Muddy’s entry into the Blues Rock world was a huge cultural leap – Photos

Muddy Waters Confidential: Things You May Not Know about The Hoochie Coochie Man.

“I understood from the start that I was lucky to be part of a revival near the end of Muddy’s career. Whenever I make music or write about it, there’s always something in there that goes back to Muddy.” – Bob Margolin

Muddy Waters was the most important link between his urban black audience in the nightclubs of Chicago and the young white fans who came to know him as a result of the folk music craze beginning in the early to mid ’60s. Blues fans have heard his story time and time again.

Here’s some things you may not have heard. His grandmother nicknamed him Muddy and the kids at school added Waters. In 1958 he first played England making a huge impression on musicians like John Mayall, Jimmy Page, Mick Jagger, Keith Richards, Van Morrison, and Eric Clapton. Muddy’s album Real Folk Blues was a misnomer. It featured a young Buddy Guy on guitar and was about as folky as the Rolling Stones who took their name from one of his songs.

Marshall Chess, the son of Leonard Chess of Chess Records fame, produced several of Muddy’s albums specifically recorded to appeal to a new market of young white rock fans. “Music changes the way you feel,” says Marshall. “That’s magical. Chess Records for some reason was a magnet for amazing artistry. All these magicians came to Chess. We were able to capture it, and it’s something that can be experienced through audio. The music has stood up without a cinematic aspect like video.”

Muddy’s entry into the Blues Rock world was a huge cultural leap. “Everybody can play the blues,” says Muddy’s daughter Mercy Morganfield today. “Anybody can play, enjoy, listen to the blues. They can sing it out of tune. I don’t care. The problem is ownership. You own the genre when you have all the connections with all of the festivals. Blues is live music. When you have connections with all festivals and the venues and you allow some black people to be in it and disallow other people, then that’s ownership. It’s not appropriation; it’s ownership.”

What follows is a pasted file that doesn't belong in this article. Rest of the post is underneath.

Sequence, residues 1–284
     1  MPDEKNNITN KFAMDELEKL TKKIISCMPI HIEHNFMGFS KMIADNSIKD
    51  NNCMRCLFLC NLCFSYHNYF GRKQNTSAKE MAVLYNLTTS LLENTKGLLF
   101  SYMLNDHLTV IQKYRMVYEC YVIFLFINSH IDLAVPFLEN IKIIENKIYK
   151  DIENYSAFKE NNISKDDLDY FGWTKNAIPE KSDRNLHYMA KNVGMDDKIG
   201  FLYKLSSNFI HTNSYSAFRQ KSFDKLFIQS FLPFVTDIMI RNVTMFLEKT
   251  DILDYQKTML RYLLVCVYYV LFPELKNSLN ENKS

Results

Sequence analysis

Steady Rollin’ Bob Margolin was Muddy’s last guitarist playing with Muddy until his death in 1983: “Muddy was one of those very few who had true ‘charisma.’ He affected people in a spiritual way, both with his music and personally. I’ve had a lot of thrills while I was in Mud’s band, but the biggest was playing his blues with him onstage.”

Marshall Chess grew up with Muddy who went to his bar mitzvah when Marshall turned 13. “One of the main jobs as a producer was like a meditation manager master. He had to get the band locked together to go down. I remember when they were teaching me to produce, they always would say, ‘When the motherfucker fucks up, you got to embarrass him and tell him to play that shit right. Over and over.’”

Muddy Waters was inducted into the Blues Foundation Hall of Fame in 1980. He died in 1983 and entered The Rock and Roll Hall of Fame posthumously in 1987. He was honored with a Lifetime Achievement Grammy in 1994, the same year the U.S. Postal Service put his face on a 29-cent stamp. Various Muddy anthologies have been honored by the Blues Foundation, including the 1994 set of reissued Plantation Recordings and 2006’s Hoochie Coochie Man: Complete Chess Recordings, Volume 2, 1952–1958.

Bob Margolin: “I understood from the start that I was lucky to be part of a revival near the end of Muddy’s career. Whenever I make music or write about it, there’s always something in there that goes back to Muddy. At Antone’s nightclub anniversary week in 1990, I played a solo set of Muddy’s songs in tribute to him, and to the club where Muddy played so many spectacular gigs. When I came into the dressing room, Buddy Guy told me, ‘Those are big shoes to fill.’ Shit, I’m just trying to keep ’em shined.”

Muddy Waters - The Father of Chicago Blues | uDiscover Music

Related Post